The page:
35mm f8 1/25
I moved slightly, also widening the lens a little in attempt to reduce the highlight clipping, which worked to some extent.
40mm f8 1/50th
I decided to expose for the sky this time and then recompose. The trees now look dark and heavy though and there was still a little highlight clipping.
This is a re-working of 6c.In Adobe Bridge I used the recovery slider to deal with the highlight clipping; fill light to deal with the shadows and raised the exposure level very slightly. I then created an inverted ‘S’ in levels and increased centre luminosity in Nik Color Efex Pro.
Inside St Nicholas Church, Pyrford, Surrey, which is C11th and small and dim inside.. I used a Samyang 14mm lens at f8. I’m sure now that I could have used 5.6. This is a new lens and I’m only just getting used to its properties and the fact that it hasn’t got a full electronic link with my Canon camera.
I got quite obsessed with this shot. A while ago I visited Canterbury Cathedral and took a shot in the cloisters where it was dim inside but a lot of light coming in from the quadrangle. It had been a quick shot of two choristers in red gowns so there wasn’t enough time to really think about the exposure. Afterwards I decided that the perfect shot would have been where I exposed for the light but had a fill in flash to cope with the dark. Of course, I would have needed a tripod as well. A difficult manoeuvre still though for a chance shot.
On this occasion, I had the tripod and plenty of time but I still couldn’t get it right!
4 seconds on evaluative. You can see how over-exposed it is and all the detail has been lost from the window (middle of the day and light coming strongly through it.) I can see a lot of the detail on the runners and pews though.
0.6 on evaluative and there is now a little more detail on the window.
0.4 and I decided to use spot metering on the window this time. This histogram still showed highlight clipping.
¼ on spot. There was less highlight clipping but detail is very lost lost in the shadows.
I decided to use my Photomatix software and firstly attempted HDR using the first image, middle and last but it looked quite odd. Then I did an exposure fusion. This would have worked except that I’d forgotten that I’d readjusted my camera after the first shot so there was too much ghosting. I had to put the first image to one side and then do an exposure fusion using a different image.h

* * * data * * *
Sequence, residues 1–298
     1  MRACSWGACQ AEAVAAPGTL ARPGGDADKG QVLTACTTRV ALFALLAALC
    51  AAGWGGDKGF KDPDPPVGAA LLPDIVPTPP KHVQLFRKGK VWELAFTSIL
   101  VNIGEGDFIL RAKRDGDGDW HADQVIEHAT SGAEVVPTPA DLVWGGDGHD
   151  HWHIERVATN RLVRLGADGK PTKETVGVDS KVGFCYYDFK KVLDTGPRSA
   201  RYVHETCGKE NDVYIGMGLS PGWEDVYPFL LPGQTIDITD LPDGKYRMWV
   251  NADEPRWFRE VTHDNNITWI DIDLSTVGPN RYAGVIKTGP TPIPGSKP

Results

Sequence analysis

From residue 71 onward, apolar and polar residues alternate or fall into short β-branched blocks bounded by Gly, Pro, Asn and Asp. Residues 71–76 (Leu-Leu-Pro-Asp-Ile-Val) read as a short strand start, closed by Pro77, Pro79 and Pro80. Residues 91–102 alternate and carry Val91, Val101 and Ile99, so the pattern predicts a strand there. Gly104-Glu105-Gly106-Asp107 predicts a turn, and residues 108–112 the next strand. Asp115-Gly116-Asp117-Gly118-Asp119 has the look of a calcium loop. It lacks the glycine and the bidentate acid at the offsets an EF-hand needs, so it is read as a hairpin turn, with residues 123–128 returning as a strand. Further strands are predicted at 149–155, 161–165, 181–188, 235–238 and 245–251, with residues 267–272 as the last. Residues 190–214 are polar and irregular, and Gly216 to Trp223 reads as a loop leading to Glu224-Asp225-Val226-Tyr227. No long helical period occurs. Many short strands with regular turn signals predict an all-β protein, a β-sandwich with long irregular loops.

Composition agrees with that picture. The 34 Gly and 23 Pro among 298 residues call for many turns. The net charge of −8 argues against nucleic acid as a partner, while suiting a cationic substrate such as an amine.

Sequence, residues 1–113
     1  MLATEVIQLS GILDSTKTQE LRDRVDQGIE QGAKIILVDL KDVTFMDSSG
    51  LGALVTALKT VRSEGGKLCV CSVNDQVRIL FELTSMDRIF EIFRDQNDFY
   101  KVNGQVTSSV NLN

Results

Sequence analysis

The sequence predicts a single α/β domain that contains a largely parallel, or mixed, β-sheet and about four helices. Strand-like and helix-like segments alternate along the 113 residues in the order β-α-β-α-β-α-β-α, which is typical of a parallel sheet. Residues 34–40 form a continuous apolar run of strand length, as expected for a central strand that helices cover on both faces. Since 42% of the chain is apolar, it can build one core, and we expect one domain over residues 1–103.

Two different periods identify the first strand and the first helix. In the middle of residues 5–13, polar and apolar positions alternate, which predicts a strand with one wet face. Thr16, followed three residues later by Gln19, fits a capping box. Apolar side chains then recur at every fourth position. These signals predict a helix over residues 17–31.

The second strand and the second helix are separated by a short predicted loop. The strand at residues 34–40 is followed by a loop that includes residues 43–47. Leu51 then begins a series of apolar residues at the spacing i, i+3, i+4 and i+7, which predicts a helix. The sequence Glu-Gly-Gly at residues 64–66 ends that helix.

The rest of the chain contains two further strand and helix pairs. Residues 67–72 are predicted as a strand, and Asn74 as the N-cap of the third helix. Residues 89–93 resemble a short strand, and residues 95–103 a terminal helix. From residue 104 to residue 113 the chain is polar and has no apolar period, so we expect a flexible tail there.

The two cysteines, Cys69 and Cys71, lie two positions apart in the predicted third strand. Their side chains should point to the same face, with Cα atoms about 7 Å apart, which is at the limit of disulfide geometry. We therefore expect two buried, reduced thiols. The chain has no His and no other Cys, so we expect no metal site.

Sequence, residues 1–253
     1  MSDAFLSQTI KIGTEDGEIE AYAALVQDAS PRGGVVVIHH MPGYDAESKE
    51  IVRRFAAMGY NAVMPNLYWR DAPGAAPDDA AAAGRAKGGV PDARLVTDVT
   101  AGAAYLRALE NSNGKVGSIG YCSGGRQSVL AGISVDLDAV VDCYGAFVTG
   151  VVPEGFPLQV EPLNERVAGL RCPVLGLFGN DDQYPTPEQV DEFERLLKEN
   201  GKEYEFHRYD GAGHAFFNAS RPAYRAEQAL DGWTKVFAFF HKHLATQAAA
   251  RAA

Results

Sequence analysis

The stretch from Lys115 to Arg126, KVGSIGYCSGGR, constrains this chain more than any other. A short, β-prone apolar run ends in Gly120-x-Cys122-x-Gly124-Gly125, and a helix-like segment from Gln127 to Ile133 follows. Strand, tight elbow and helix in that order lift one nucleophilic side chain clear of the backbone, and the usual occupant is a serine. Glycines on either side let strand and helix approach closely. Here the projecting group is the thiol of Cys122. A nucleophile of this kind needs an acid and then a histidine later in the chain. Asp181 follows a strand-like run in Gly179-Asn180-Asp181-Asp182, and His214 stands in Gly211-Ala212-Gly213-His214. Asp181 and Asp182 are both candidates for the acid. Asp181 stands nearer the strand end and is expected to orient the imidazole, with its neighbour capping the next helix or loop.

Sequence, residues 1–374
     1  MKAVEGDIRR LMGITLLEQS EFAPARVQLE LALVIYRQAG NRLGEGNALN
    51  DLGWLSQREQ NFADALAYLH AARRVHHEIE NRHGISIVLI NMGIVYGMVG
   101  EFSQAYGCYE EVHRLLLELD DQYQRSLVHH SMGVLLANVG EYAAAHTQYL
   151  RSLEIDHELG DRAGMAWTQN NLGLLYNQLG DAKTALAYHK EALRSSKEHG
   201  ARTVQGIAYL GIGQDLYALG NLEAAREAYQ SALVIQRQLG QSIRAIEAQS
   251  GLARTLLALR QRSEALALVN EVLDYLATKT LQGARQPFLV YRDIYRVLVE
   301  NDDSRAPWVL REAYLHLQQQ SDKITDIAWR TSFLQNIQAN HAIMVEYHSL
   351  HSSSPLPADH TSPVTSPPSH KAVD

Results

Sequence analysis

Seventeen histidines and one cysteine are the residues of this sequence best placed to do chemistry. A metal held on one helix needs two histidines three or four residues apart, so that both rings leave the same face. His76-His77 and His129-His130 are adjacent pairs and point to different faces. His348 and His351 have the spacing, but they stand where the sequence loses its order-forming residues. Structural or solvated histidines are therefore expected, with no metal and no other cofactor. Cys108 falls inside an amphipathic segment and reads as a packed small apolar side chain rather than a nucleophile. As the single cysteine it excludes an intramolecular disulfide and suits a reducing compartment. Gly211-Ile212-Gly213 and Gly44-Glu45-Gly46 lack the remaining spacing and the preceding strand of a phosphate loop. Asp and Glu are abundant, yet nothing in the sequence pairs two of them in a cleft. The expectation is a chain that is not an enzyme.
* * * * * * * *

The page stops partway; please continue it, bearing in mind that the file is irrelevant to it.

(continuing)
This is the result:-
I think this is too light and it doesn’t give the same feeling that I get when I’m actually in the little church.
After this I worked on 7d to see what would happen when I used the burn tool on the window:-
24-105mm lens @ 24m. f11 1/125. Here I diverted from the exercise brief to experiment and used the same photograph, altering the exposure in Adobe CR. I did this on the assumption that, if the exposure was correct to begin with there wouldn’t be highlight clipping.
Original exposure. Exposed for the sky and the church spire.
+1 exposure. It looks ‘washed out’ and the spire is pale.
24-105mm lens @ 28m
this was exposed for the sky and some detail has been lost in the shadows.
I used the same photograph and didn’t alter the exposure levels. Instead I used fill light in Adobe CRto see if I could gain more detail in the shadows and levels on auto, plus some tonal contrast in Colour Efex Pro.
I learned quite a lot from this exercise:-
- Some underexposure works well on flowers and foliage as it brings out the colour.
- Over-exposure (and consequent clipping) affects the sharpness of an image so it’s best to use spot exposure metering on brighter parts and then deal with the shadow detail in processing.
- If the highlights are too clipped then playing around with exposure in adobe CR won’t bring back detail that wasn’t there in the first place..
- Large extremes of contrast are difficult. You either have to decide which is more important and expose accordingly or use bracketing. Exposure fusion can work quite well if you’ve used a tripod and don’t alter the position of the camera.
- With regard to the gloomy church and bright window – I could have exposed for the window and then used soft fill-in flash maybe at each side of the pews if I had the apparatus. That would be more complicated.
- I made life complicated for myself by using several different, new, lenses.
6th September 2011